If you have clumping litter, you will need to scoop it once daily. The pee and poop are absorbed by the litter. The soiled litter turns into clumps for easy removal. You can use a slotted spoon, or a small metal trowel. 

If you find the clumps get stuck to the bottom of the box, a metal trowel will allow you to easily scrape and scoop. Most cat owners will shake the scoop to remove excess litter. However, this can allow soiled litter to go back into the box. It also releases litterbox dust into the air.  It’s best to toss the clumps without shaking. 

Once you’ve scooped up a clump, place it in a plastic bag. Poop scoop bags are excellent for this. Repeat the process, placing the clumps into the bag until they are all removed. Tie the bag and dispose of it. You can toss it in your trash can, but it’s best to dispose of it in the outdoor trash bin. 

How to Clean a Litter Box

No matter what type of litter you have, you’ll need to clean the litter box. This means emptying the litter from the box, cleaning the box, and refilling the litter. 

Get a trash bag, and place it over one end of the litter box. Tip the box up, pouring the litter into the bag. Use your scrooper or other tool to scrape any remaining litter from the box. If you have a litterbox liner, toss this in the trash as well. 

You can also use a trash can, and dump the contents of the box into the trash can. 

Regardless of the method you use, the bag should be sealed and removed from the home once all the litter is in the bag. Place it in your outside trash bin. 

Next, you’ll need to wash the litterbox with soap and water. Wash any tools you used as well. Dry the litterbox completely before refilling. 

Refill with fresh litter. The litter should be at least 2 inches deep. Typically more than 3 inches is too much.

When to Change the Litter

There are two indications it’s time to change your cat’s litter. Your nose and your cat are the best guidelines to when the box should be changed. 

If you notice an odor coming from the box, it’s time to change the litter. Clumping litter may have a lot of clumps in it, indicating that you should change it. 

By far the best indication it’s time to change the box is your cat. If the box is too dirty, they won’t use it. Of course, this leaves them two options. Either go somewhere else, or hold it. Going somewhere else means soiling the home, which you won’t be happy about.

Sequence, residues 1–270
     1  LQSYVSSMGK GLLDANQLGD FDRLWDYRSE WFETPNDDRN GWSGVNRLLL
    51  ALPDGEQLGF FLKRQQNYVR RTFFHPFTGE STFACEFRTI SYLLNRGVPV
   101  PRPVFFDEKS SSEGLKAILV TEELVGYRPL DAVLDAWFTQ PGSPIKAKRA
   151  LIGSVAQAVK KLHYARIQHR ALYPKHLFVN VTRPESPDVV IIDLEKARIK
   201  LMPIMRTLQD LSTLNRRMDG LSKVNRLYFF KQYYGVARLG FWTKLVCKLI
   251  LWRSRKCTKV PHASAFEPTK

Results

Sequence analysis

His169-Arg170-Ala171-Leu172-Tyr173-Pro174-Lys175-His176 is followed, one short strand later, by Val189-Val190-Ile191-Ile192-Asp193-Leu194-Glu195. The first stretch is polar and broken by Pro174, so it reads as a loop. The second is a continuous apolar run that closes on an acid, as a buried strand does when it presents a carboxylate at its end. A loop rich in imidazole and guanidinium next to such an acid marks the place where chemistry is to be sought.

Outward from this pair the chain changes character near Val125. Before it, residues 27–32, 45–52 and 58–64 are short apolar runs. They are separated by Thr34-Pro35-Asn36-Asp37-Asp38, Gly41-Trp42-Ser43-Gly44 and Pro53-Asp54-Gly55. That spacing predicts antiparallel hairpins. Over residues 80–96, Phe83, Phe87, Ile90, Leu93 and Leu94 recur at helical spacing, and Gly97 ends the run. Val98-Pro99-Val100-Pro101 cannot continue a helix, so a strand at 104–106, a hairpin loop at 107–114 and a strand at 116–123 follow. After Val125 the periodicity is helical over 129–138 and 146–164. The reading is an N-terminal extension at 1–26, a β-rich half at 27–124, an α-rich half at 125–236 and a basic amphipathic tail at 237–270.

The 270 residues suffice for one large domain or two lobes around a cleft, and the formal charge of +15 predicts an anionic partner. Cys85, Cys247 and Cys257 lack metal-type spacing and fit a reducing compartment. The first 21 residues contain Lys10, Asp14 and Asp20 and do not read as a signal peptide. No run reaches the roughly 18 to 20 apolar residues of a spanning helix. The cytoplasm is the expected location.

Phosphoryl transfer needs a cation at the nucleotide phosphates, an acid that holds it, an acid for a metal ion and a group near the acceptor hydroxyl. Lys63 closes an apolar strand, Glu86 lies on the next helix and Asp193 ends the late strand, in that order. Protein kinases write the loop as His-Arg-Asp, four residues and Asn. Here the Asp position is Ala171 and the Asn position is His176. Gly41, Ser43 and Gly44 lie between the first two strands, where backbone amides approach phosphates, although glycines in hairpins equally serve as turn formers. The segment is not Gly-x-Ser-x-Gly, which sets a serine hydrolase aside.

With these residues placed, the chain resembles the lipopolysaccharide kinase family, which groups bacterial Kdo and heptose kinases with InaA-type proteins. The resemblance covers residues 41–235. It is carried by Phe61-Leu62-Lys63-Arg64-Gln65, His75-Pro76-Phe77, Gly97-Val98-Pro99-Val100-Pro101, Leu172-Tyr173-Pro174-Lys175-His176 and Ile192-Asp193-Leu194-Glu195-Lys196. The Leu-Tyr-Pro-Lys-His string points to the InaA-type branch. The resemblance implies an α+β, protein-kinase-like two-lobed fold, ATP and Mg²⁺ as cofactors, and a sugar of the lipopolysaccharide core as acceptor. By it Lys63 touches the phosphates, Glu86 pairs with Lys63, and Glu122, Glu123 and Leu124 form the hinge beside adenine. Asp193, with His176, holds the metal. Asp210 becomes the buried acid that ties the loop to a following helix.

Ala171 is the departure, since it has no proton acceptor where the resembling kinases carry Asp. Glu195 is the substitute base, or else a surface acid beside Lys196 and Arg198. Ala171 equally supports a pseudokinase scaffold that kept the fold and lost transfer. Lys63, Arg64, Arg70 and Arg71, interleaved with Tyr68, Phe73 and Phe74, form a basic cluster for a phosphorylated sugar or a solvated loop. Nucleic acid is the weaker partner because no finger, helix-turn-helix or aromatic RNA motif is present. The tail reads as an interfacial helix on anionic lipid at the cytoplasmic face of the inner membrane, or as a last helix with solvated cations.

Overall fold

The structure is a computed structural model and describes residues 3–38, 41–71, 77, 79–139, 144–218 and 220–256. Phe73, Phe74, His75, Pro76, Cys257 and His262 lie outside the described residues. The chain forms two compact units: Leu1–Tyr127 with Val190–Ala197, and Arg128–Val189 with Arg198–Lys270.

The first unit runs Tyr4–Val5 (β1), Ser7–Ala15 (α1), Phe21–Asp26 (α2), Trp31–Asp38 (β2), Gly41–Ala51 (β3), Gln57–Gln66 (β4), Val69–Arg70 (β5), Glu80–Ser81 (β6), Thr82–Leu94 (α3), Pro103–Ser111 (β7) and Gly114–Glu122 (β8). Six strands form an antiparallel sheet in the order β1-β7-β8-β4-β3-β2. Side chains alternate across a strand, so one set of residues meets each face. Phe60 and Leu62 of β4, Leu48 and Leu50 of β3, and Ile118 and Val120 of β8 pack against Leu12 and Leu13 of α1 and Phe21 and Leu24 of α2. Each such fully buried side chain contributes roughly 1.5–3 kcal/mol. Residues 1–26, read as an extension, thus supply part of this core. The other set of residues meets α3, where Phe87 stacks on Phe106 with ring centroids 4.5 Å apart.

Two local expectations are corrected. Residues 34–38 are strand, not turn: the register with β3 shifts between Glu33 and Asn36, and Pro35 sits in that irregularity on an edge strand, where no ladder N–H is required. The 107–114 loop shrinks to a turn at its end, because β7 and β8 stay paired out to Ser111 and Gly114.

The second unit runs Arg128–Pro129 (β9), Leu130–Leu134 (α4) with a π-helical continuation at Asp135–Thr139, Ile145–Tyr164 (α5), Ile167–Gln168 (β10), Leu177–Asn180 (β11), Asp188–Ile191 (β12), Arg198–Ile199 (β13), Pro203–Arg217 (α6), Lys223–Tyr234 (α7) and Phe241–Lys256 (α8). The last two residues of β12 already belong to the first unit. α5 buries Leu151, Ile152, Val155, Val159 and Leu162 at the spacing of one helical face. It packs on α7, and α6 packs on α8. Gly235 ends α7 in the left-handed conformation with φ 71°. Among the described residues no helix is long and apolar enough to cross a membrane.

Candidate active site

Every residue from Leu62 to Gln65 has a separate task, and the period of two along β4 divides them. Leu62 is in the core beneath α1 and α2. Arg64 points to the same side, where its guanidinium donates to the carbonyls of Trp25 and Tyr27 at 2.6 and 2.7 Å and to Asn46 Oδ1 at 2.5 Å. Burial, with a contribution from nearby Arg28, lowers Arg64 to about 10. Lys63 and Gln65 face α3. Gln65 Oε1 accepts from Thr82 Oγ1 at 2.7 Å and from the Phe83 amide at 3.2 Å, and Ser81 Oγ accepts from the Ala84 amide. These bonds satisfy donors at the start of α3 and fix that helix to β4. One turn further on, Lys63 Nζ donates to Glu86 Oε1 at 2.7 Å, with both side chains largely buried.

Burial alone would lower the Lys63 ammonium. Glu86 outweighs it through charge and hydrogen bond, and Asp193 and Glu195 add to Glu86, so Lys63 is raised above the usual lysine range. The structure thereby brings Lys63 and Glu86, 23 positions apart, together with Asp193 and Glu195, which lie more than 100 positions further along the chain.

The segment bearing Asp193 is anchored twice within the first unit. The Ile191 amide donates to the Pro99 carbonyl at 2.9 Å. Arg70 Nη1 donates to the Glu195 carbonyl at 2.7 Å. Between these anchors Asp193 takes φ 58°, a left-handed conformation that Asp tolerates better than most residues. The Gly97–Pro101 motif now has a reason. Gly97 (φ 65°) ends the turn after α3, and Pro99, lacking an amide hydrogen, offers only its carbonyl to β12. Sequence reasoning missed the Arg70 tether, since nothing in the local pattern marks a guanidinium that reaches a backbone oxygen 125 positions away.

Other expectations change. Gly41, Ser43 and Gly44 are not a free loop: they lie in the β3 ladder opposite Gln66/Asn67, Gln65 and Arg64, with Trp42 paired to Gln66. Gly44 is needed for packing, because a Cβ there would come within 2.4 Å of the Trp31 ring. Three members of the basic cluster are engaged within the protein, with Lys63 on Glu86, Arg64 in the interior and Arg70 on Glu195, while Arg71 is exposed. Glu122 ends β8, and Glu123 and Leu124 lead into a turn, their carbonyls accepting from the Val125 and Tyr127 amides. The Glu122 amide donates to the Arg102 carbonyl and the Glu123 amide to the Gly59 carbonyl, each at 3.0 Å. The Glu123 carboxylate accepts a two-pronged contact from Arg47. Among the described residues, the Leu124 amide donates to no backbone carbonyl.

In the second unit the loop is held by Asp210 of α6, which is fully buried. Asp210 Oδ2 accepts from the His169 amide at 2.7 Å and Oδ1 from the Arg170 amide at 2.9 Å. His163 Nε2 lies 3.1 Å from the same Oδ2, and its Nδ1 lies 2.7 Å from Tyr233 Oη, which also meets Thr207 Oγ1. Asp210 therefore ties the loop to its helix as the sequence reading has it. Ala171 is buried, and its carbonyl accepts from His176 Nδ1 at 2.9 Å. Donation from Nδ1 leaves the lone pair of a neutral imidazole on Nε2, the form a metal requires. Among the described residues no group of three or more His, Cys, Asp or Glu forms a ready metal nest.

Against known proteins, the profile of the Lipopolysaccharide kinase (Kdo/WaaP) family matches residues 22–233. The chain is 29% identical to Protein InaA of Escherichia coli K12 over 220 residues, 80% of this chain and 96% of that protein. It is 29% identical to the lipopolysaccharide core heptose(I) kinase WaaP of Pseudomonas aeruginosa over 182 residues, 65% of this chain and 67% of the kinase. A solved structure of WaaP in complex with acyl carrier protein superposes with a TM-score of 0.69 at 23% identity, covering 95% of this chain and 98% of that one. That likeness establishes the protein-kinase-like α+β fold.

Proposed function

Holding it can quickly lead to utis, which can be serious for cats. There’s also a limit to how long they can hold it, so it often still results in unwanted house soiling. 

The good news is that you don’t have to wait until your cat goes outside the litterbox to change it. Instead, watch your cat’s behavior with the box. Have you noticed they haven’t visited it as frequently as normal?  Does the box appear dirty? Does it smell? Is your cat hanging out by the box meowing at you? These are all signs that it’s probably time to change the litter.

If you have multiple boxes, you’ll get another clue. Cats nearly always prefer one box over the other. It may be the location of the box, or the box itself. if you have multiple boxes, you’ll soon know which one they prefer. 

If they begin using the one they don’t prefer, check the other box. It may be dirty. If their preferred box is dirty, they will naturally go to the other box. 

You may have done the same thing before. Have you ever went into a public bathroom stall, only to come right back out again? You probably picked a different stall. One that was cleaner. 

Does cat litter ever go bad?

No, cat litter doesn’t go bad, as long as its stored properly. Traditional clay or sand based litter can be kept indefinitely. If it’s scented, the scent may dissipate over time, but the litter will still be effective. 

However, some eco friendly litters do have an expiration date. After this date, they begin to lose their effectiveness. It won’t be harmful to you or your cat the way expired food can be, so it’s safe to use. If it’s not effective, you’ll need to get new litter. 

The key to keeping litter effective is to keep it dry. It’s designed to absorb moisture. If it’s stored in a moist environment, it can clump and become unusable.